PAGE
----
You cannot do better than `O(l^n)`

, as nightcracker correctly points out. Here's one way that you can approach the problem.

Make a large array `A`

whose `i`

th entry is the array `a_i`

, i.e.

`A[i] = a_i`

Now iterate through all words of length `n`

on the alphabet `{0,1,...,l}`

:

```
-(array*)nextWord:(array*)word {
array *newWord = word;
for (int i=n-1; i=>0; ++i) {
if (word[i] < l) {
newWord[i] = word[i]+1;
for (int j=i+1; j<n; ++j) {
newWord[i] = 0;
}
return newWord;
}
}
return NULL;
}
```

Finally, select the entries based on the word by

```
word = [0, 0, ... , 0];
while (word != NULL) {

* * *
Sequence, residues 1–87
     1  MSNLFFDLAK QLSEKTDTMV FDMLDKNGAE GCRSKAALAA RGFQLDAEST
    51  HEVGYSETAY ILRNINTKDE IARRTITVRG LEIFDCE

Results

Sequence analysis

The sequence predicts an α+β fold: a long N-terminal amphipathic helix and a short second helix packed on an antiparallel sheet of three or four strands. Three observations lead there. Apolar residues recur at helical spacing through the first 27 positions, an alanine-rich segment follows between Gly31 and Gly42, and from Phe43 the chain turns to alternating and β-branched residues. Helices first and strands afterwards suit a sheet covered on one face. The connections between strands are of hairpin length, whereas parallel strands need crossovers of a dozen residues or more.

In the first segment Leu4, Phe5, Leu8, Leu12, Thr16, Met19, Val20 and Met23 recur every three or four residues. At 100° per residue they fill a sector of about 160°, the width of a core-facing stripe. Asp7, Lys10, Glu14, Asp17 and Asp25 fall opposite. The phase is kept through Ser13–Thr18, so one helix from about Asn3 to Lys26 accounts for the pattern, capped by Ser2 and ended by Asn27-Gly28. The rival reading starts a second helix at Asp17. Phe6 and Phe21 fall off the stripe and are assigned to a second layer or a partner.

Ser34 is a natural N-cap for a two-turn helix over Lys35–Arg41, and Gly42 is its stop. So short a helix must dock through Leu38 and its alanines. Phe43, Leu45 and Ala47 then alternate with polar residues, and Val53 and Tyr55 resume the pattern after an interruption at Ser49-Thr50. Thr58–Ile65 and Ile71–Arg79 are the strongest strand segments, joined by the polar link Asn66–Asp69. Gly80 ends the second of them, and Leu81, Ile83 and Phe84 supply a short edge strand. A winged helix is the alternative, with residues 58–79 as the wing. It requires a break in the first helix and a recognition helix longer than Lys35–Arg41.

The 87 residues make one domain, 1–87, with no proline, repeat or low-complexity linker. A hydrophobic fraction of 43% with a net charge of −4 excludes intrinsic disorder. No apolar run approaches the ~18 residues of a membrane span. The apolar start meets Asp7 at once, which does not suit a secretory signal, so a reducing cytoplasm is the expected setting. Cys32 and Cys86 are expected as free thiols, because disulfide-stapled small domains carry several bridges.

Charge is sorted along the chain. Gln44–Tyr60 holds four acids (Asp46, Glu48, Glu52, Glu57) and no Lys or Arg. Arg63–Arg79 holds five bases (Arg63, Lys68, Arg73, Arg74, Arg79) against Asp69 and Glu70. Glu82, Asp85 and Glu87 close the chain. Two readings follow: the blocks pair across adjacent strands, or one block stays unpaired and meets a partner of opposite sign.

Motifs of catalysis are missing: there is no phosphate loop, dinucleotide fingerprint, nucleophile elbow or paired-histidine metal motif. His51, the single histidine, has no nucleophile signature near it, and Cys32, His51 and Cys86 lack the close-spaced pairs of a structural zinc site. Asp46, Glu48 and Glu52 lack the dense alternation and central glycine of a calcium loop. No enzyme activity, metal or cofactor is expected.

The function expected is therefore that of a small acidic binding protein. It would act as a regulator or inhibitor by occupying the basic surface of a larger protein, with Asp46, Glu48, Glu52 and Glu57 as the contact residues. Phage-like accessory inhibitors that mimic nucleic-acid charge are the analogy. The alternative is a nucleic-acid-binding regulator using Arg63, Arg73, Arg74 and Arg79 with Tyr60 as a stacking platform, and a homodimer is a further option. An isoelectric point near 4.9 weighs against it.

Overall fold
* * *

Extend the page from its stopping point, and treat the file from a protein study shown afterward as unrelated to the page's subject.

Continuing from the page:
A[0][word[0]], A[1][word[1]], ... , A[n-1][word[n-1]];
word = nextWord(word);
}
```

Sorry for the inconsistencies in the pseudocode, but hopefully you can discern the logic here.

Incidentally, based on the example in the question, I am assuming that the first entry should come from the first array, the second entry from the second array, and so on. If this is not the case, then you can still use the idea above and then permute the entries. However, doing this may lead to repetitions if and only if two of the arrays have a common entry.